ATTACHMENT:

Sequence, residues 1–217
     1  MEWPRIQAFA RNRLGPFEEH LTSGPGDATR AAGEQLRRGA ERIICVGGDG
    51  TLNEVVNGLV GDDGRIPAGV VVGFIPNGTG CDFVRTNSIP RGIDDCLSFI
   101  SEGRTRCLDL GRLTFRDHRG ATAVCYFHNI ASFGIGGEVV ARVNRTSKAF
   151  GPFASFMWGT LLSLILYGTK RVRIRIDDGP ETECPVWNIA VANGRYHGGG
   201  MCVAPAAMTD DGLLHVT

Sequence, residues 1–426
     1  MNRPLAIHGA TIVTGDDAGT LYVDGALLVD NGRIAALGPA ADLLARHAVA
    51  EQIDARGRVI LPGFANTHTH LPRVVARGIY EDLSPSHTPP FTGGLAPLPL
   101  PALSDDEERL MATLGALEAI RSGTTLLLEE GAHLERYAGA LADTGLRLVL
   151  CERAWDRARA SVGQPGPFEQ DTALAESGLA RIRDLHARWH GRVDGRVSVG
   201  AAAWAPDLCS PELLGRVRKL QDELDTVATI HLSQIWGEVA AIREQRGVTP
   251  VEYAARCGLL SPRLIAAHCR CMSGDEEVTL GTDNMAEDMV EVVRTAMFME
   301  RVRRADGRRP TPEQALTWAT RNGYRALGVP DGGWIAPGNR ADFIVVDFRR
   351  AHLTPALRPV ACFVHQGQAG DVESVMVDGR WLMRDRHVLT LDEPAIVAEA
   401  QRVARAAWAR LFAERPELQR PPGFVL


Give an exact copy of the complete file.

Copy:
Sequence, residues 1–217
     1  MEWPRIQAFA RNRLGPFEEH LTSGPGDATR AAGEQLRRGA ERIICVGGDG
    51  TLNEVVNGLV GDDGRIPAGV VVGFIPNGTG CDFVRTNSIP RGIDDCLSFI
   101  SEGRTRCLDL GRLTFRDHRG ATAVCYFHNI ASFGIGGEVV ARVNRTSKAF
   151  GPFASFMWGT LLSLILYGTK RVRIRIDDGP ETECPVWNIA VANGRYHGGG
   201  MCVAPAAMTD DGLLHVT

Sequence, residues 1–426
     1  MNRPLAIHGA TIVTGDDAGT LYVDGALLVD NGRIAALGPA ADLLARHAVA
    51  EQIDARGRVI LPGFANTHTH LPRVVARGIY EDLSPSHTPP FTGGLAPLPL
   101  PALSDDEERL MATLGALEAI RSGTTLLLEE GAHLERYAGA LADTGLRLVL
   151  CERAWDRARA SVGQPGPFEQ DTALAESGLA RIRDLHARWH GRVDGRVSVG
   201  AAAWAPDLCS PELLGRVRKL QDELDTVATI HLSQIWGEVA AIREQRGVTP
   251  VEYAARCGLL SPRLIAAHCR CMSGDEEVTL GTDNMAEDMV EVVRTAMFME
   301  RVRRADGRRP TPEQALTWAT RNGYRALGVP DGGWIAPGNR ADFIVVDFRR
   351  AHLTPALRPV ACFVHQGQAG DVESVMVDGR WLMRDRHVLT LDEPAIVAEA
   401  QRVARAAWAR LFAERPELQR PPGFVL